The groom is a television star, handsome and charming; the bride is a beautiful and ambitious magazine publisher.
It looked like it was set to be a picture-perfect trip for a picture-perfect couple but then one of the group winds up dead.
Perhaps the group aren’t such good friends after all?
Told from the alternating viewpoints of the few guests on the island, this suspenseful tale will have you second-guessing each character’s motives until the very last second.
Each character is an unreliable narrator more despicable than the last and you’ll be frantically flicking through each chapter to find out what really happened.
Foley is a brilliant thriller writer and weaves such clever tales about the most hateful characters.
The final passages of her books are always jam-packed with plot twists and I guarantee that this is the sort of addicting book that you’ll stay up all night reading.
If you liked The Guest List then you must also pick up The Hunting Party by the same author.
The style and set up is the same but with a completely new cast of characters and charades for another binge-worthy book!
Educated by Tara Westover is the only non-fiction title on this list but the story is so crazy that you would be forgiven for thinking this was fiction in some parts.
This addicting book is the memoir of a woman who grew up in a survivalist Mormon household.
Their beliefs were so strict and so far from the norms most of us are used to that she didn’t set foot in a classroom until she was 17 years old!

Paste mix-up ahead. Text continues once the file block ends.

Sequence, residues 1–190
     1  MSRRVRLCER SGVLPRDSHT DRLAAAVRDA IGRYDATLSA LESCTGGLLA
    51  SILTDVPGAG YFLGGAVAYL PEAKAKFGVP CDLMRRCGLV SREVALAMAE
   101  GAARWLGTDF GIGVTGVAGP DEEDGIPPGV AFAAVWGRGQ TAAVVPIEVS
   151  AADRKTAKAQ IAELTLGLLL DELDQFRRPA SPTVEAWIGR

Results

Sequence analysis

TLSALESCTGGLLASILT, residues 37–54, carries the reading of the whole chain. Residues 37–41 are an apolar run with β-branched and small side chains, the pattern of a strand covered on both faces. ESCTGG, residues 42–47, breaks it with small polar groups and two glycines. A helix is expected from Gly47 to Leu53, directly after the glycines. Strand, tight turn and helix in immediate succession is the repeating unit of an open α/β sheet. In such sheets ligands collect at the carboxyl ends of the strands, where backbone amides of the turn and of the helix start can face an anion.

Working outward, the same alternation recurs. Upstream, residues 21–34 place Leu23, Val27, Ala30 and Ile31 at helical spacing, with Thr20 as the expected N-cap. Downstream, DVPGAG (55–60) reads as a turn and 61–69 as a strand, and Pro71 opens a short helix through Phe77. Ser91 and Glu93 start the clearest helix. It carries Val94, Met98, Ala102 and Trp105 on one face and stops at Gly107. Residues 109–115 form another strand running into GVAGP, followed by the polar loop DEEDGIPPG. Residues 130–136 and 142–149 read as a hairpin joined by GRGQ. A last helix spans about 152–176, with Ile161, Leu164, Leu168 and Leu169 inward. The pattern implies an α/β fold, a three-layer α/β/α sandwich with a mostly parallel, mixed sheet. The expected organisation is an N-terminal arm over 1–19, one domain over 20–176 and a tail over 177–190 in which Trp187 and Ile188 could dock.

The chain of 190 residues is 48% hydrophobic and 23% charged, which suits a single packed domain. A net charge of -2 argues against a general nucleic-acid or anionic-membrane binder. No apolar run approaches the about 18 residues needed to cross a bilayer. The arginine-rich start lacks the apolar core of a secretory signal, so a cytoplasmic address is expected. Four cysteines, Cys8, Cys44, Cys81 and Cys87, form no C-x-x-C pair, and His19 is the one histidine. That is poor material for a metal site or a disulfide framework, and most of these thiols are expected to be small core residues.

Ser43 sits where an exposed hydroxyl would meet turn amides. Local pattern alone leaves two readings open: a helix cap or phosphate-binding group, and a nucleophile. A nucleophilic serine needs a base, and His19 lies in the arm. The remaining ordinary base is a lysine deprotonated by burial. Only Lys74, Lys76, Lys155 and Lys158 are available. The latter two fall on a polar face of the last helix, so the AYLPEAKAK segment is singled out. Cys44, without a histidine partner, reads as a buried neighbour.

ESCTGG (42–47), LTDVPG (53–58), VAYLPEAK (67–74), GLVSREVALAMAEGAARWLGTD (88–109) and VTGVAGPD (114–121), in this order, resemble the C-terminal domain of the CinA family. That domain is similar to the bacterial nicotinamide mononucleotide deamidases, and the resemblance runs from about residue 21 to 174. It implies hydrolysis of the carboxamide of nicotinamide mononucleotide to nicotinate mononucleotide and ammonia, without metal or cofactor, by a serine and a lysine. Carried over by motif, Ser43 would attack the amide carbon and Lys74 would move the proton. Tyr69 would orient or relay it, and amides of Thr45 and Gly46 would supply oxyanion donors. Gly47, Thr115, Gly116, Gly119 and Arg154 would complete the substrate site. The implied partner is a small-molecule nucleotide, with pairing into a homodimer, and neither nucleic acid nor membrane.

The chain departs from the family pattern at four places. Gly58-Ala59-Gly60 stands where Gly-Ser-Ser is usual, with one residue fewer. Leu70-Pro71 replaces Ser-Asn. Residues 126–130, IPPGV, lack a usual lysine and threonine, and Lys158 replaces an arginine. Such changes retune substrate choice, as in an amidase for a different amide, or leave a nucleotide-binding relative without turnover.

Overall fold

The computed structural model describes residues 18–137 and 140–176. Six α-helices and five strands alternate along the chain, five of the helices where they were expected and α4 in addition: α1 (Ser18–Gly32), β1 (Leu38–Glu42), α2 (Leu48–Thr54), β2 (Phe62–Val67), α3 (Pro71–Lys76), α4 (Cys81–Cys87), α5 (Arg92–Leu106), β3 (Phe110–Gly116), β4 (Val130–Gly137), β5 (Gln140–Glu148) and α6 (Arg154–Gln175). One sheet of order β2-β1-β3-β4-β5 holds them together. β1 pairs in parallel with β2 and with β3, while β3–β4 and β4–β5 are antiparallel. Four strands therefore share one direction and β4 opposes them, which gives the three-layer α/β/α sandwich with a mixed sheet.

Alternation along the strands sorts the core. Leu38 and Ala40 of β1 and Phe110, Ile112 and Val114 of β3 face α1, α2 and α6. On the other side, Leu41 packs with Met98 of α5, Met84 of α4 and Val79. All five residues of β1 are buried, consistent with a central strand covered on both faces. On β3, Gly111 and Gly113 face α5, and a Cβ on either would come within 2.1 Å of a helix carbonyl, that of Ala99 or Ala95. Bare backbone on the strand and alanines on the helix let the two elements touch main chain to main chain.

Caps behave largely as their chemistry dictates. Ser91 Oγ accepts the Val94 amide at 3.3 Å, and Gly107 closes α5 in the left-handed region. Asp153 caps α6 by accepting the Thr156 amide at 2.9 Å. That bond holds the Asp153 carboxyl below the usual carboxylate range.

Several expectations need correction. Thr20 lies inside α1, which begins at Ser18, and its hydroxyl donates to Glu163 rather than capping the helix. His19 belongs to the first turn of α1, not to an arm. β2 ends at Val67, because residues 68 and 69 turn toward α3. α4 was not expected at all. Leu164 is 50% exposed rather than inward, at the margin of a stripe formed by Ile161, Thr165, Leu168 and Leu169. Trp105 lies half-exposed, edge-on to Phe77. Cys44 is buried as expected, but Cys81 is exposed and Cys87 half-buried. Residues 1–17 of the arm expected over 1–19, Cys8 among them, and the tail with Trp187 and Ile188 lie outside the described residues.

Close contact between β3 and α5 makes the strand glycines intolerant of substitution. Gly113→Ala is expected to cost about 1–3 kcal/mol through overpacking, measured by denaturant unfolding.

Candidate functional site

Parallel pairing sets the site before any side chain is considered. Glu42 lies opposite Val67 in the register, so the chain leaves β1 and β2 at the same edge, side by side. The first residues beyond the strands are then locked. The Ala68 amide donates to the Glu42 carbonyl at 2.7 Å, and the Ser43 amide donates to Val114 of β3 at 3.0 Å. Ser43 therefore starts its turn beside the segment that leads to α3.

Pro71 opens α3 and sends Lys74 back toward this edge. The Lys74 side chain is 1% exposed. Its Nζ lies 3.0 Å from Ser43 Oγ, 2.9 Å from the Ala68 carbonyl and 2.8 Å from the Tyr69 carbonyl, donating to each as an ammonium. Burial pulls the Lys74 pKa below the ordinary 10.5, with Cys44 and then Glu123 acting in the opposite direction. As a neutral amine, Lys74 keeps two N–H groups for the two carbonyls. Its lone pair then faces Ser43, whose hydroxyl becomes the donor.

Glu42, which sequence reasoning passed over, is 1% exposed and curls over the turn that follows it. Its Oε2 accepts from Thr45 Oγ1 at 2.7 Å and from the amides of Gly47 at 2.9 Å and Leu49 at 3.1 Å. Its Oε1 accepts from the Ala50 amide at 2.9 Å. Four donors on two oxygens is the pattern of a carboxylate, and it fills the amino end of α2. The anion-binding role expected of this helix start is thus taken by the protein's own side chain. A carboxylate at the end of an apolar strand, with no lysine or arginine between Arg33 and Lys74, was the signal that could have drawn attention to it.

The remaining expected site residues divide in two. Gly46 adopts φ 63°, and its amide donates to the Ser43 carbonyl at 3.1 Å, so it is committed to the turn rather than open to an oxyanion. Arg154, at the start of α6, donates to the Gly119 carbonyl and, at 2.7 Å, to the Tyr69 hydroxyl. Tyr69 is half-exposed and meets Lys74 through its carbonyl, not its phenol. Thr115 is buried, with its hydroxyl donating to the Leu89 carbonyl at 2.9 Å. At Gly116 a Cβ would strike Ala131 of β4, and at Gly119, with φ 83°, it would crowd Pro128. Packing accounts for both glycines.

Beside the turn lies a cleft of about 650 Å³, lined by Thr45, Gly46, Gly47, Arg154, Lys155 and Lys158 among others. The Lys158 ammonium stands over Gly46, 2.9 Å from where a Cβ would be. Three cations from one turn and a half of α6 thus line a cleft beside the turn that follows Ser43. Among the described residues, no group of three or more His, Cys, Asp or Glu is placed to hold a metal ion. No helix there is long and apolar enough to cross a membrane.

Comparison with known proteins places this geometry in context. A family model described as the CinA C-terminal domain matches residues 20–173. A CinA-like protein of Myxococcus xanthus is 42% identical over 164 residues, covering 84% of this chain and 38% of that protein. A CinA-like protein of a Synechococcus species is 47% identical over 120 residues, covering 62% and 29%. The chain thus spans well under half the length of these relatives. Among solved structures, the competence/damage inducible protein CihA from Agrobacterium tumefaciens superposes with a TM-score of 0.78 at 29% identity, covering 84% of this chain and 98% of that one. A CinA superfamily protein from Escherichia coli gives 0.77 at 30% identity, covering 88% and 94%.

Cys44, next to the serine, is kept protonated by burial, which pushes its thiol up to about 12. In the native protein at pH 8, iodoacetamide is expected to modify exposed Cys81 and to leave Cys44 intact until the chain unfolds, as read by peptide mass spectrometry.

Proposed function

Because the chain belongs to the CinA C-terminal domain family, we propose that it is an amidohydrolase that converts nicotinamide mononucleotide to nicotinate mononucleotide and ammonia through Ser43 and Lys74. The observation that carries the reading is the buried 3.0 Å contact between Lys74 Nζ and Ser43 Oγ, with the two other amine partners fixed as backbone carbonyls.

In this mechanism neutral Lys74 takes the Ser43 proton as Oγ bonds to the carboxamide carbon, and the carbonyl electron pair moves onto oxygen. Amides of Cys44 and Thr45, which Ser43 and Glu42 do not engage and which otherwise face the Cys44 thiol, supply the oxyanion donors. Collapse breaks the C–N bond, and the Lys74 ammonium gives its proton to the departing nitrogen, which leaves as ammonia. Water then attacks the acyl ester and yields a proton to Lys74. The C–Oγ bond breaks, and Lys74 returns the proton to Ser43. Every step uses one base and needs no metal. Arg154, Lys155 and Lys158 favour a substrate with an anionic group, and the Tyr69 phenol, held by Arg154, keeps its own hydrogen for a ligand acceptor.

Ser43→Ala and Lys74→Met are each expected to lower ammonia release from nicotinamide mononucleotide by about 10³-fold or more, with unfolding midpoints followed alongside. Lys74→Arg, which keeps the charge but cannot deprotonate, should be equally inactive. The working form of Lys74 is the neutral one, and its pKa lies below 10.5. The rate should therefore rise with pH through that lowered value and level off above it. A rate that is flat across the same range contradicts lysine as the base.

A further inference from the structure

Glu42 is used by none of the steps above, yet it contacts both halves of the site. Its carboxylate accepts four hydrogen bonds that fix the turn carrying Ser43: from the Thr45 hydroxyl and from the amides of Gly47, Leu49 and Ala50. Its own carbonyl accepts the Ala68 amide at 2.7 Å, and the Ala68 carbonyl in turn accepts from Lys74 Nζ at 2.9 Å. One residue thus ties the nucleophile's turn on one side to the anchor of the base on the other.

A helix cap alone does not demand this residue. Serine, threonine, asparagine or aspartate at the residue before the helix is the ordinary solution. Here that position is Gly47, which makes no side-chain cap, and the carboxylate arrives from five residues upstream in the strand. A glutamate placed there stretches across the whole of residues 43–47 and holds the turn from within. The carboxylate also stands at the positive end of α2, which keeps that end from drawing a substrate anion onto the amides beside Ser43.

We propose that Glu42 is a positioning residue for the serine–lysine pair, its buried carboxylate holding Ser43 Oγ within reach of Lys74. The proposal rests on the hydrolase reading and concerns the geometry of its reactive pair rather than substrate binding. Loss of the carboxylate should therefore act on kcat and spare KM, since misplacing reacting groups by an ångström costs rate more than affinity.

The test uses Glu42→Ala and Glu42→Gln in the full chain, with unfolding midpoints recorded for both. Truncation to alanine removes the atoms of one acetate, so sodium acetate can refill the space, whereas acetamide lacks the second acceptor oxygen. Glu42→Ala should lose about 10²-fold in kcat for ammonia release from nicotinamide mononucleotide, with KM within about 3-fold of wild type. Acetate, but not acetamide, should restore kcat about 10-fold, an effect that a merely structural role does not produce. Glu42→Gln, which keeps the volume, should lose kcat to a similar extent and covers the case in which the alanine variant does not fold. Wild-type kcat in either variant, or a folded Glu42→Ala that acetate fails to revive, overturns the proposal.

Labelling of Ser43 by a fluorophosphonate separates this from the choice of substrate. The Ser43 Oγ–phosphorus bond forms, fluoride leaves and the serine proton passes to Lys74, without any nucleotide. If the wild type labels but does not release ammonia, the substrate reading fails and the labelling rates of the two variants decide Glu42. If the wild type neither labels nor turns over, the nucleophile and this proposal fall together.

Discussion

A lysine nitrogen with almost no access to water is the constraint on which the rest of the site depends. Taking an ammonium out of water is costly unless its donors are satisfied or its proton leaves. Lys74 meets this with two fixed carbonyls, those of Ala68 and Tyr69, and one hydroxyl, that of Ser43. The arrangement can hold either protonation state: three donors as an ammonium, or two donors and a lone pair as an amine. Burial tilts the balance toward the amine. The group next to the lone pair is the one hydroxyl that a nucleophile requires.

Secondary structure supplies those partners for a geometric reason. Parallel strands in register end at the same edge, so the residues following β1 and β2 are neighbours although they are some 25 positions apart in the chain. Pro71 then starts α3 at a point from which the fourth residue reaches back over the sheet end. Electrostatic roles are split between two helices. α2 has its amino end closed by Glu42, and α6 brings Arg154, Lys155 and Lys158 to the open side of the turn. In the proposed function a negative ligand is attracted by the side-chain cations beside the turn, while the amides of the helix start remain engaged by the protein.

Her strict father was always prepared for the “end of days” and forbade hospitals, even for the worst of accidents.
Some of the things that happened to Westover and her family made me feel sick inside and I was thoroughly shocked by certain passages.
Westover grew up completely isolated from mainstream society with no proper education, friends or support system.
Her family was incredibly dysfunctional with a crazed father, passive mother and violent brother but, against all odds, Tara educated herself and extraordinarily went on to study at Brigham Young University, Harvard and Cambridge University.
Even after she leaves her family home, her relationship with her family remains fraught and she grapples with her mixed feelings about it for years.
This is the story of one young lady’s struggle for self-invention, of fierce family loyalty and intense grief.
This is a coming-of-age story like no other but it was a fascinating (sometimes horrifying) read about family, perspective, education and self-development.
I’d highly recommend listening to the Audible version, which you can get a 30 day free trial of here.
The Guernsey Literary and Potato Peel Pie Society was a book I expected to be just ok but it turned out to be just brilliant.
It’s an epistolary novel in the form of letters between a Miss Juliet Ashton in London and the people of Guernsey in 1946.